The Thinning of the Veil (and the Braiding of the Garlic)

The thinning of the veil (and the braiding of the garlic)

Hallowe’en week always makes me nostalgic for Dufferin Grove Markets of the past. Especially in years when Thursday came close to the 31st of October, we had a lot of silly fun. 

In person market halloween in costumes scary pumpkins

Some of you have only been connected to the market in its online form, and haven’t had a chance to meet our farmers, vendors and staff in their usual attire, let alone transformed for the occasion. I wouldn’t want to give you the impression that we are all a bit wacky, that is, if it were not true! You can’t be afraid of being labelled ‘different’ if you want to develop your own food business or make a life in organic farming; these choices require an independent spirit, a lot of imagination, a good sense of humour, and a touch of madness.

Halloween costumes at in person market superheroes

This year, along with the spooky fun, we have been intrigued to learn more about the days after Hallowe’en and the rich Mexican traditions of Dia de los Muertos. As explained by Erick Lopas, proprietor of Hola Alegrias, this is the time when the door of the spirit world opens, and those who have left this world return to visit. This is cause for celebration, and special foods and drinks are prepared to make sure that deceased loved ones are happy before they return to the spirit world once again.

Amaranth chocolate skull

Erick has been working tremendously hard to prepare calaveras (sugar skulls) for sale this week only. Some are made entirely of sugar, and slightly larger ones are made of chocolate and puffed amaranth. Each comes with a list of the symbolic meanings of the colours used in the decorations. The molds for these skulls are hard to come by, so Erick has been able to bake only 4 at a time, but he is working with a 3-D printer to make additional molds for next year, so he can increase production. Take a walk on the other side and support a growing business while you are at it!

Skulls

Our Day of The Dead Mix will have these calaveras and freshly prepared tamales from our other Mexican food vendor, La Mexicana, delicious Peruvian dried mangoes from Lapapampa, and ChocoSol’s traditional Xococatl Drinking Chocolate to honour the occasion with treats for all! There is a new batch of witches’ brooms in adult and kid sizes on the way, and all sorts of other goods to go with the season on our special Spooky page. Don’t miss it!

Garlic

The Greenhouse Eatery and Knuckle Down Farm return this week with garlic in many forms, greens and fall veggies. Great to have you both back, Audrey and Jenny!Carole Ferrari has made a dream come true: partially baked frozen Challah to finish baking at home so you can enjoy it at its very freshest without getting out of your pajamas! This dream was only realized for a few customers though as they’ve already sold out! Stay tuned for next week!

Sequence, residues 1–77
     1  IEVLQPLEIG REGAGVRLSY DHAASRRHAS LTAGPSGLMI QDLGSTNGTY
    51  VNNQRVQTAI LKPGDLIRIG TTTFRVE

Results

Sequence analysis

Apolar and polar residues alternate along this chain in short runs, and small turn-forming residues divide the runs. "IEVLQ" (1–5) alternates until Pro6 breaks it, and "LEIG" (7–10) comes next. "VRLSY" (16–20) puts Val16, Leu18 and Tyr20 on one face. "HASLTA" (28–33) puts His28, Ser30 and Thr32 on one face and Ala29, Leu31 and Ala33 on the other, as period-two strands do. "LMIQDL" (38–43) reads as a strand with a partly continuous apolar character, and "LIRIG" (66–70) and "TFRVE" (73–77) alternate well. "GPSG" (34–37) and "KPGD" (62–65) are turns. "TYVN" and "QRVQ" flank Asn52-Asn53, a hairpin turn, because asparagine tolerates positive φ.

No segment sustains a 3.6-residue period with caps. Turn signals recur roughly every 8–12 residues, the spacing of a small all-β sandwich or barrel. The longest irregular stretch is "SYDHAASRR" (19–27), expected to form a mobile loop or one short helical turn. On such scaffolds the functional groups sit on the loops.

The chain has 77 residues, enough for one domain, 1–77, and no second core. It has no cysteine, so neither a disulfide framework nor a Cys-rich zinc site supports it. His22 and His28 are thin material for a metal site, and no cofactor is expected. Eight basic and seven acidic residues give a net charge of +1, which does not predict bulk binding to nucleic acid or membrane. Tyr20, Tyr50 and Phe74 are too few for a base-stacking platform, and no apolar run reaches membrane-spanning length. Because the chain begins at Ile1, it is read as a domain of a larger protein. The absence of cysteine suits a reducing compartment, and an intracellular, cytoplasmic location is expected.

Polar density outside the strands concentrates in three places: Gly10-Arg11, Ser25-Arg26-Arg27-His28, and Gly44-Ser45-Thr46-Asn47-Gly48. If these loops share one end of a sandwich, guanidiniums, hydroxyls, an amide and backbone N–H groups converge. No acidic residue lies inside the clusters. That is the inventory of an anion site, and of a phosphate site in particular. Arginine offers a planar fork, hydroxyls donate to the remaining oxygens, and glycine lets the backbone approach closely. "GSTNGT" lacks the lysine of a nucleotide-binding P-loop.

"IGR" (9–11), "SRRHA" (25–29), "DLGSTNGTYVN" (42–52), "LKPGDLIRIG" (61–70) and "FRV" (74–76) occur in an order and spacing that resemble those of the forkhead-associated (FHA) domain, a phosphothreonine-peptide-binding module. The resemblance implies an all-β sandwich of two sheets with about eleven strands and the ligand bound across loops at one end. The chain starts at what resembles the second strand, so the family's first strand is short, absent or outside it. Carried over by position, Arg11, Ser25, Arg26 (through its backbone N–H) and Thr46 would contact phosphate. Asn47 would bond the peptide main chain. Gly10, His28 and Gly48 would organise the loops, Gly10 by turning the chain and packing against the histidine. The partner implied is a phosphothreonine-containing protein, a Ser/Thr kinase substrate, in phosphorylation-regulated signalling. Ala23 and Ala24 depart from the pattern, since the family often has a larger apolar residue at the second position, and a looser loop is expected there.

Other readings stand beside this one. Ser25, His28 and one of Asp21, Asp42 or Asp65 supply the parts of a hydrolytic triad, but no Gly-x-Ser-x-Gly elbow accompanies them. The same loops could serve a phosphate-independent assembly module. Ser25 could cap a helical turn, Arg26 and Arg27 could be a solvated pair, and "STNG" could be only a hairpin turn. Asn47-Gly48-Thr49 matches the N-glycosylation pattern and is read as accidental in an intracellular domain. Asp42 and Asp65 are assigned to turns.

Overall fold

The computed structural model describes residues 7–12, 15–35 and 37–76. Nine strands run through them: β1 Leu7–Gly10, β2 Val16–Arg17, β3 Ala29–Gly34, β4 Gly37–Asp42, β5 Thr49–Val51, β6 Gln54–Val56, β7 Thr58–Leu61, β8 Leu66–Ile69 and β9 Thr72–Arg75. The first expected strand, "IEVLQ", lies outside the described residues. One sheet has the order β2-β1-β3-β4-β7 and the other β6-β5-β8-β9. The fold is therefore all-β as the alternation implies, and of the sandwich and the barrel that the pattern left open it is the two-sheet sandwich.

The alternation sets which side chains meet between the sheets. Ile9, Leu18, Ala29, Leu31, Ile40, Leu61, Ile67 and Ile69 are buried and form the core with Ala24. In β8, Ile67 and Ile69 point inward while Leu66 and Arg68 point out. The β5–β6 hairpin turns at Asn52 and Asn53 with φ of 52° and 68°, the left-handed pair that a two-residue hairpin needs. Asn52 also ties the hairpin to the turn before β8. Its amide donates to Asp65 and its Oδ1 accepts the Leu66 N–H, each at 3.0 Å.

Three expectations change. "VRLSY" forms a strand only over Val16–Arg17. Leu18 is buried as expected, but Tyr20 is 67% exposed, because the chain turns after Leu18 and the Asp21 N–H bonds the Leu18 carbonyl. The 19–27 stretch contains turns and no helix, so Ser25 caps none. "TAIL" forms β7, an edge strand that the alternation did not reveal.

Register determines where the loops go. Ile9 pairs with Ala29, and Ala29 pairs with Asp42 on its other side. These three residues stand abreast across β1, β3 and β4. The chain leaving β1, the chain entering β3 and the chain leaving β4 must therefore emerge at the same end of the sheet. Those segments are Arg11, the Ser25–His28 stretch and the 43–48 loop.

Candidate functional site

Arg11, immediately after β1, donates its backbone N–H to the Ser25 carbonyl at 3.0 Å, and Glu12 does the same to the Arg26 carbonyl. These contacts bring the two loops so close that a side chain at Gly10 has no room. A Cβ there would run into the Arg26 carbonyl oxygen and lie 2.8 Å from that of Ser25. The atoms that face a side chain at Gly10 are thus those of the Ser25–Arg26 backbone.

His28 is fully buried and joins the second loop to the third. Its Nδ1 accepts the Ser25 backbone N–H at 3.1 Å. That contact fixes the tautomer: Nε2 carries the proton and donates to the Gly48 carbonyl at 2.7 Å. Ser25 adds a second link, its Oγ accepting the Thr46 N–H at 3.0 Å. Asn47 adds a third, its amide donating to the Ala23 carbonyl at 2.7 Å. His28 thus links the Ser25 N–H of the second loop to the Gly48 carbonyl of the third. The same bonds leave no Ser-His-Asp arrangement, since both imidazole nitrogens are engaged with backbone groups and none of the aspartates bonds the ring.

Arugula

We’ve got beautiful cool weather greens galore: Swiss Chard, Tatsoi, Tokyo Bekana, Collards, Rapini, Arugula, Bok Choy, Spinach, Red-Veined Mizuna and lots of Kale. Wow, that’s a list!You may notice that our website has a fresh look. Big thanks to Peter Wills for taking the plunge and merging our old Dufferin Grove Market site with our new Shop site while keeping all the history of the market. Hope you enjoy browsing!Anne & the Market Crew

Collage anne gretel matt/eitan in halloween costumes

P.S. THIS SATURDAY:Clay & Paper Theatre presents the 22nd annual NIGHT OF DREAD, a parade of fearful pageantry, revels and mockery on SATURDAY, OCTOBER 30TH, staged from Christie Pits Park (Crawford St) to Dovercourt Park* AT 6PM. At this much loved, family-friendly, community event, Torontonians are invited to call on, mock and banish their private and collective fears through parade and pageantry, music and ritual. This year, people will be able to enjoy the procession from the comfort of their front lawns, porches and sidewalks in this parade-in-place, performer-only event. In lieu of the traditional Night of Dread bonfire and other revels in the park, this year Clay and Paper Theatre will collect people’s fears during the parade with their Fear Catcher. Later, the Fire Master will name, mock and burn everyone’s fears for them in a ritual burning, which will be filmed and shared online at a later date. During the parade Clay and Paper Theatre encourages all audience members to raise a dreadful racket with pots and pans, drums and noismaking.Note: This year’s parade will begin at the top of Christie Pits Park along Crawford Street and move south to the alley north of Bloor St, cross over east to Shaw Street, travel north along Shaw St. to Hallam St., continue west until Westmoreland Ave, turn south on Westmoreland, and then continue parading around Dovercourt Park by way of Fernbeck  Ave, Bartlett Ave and Southview Ave, ending in Dovercourt Park itself. 

Night of dread  signs

Please place your online farmers' market orders between noon on Saturday and noon on Tuesday for pickup or delivery in Toronto on Thursdays

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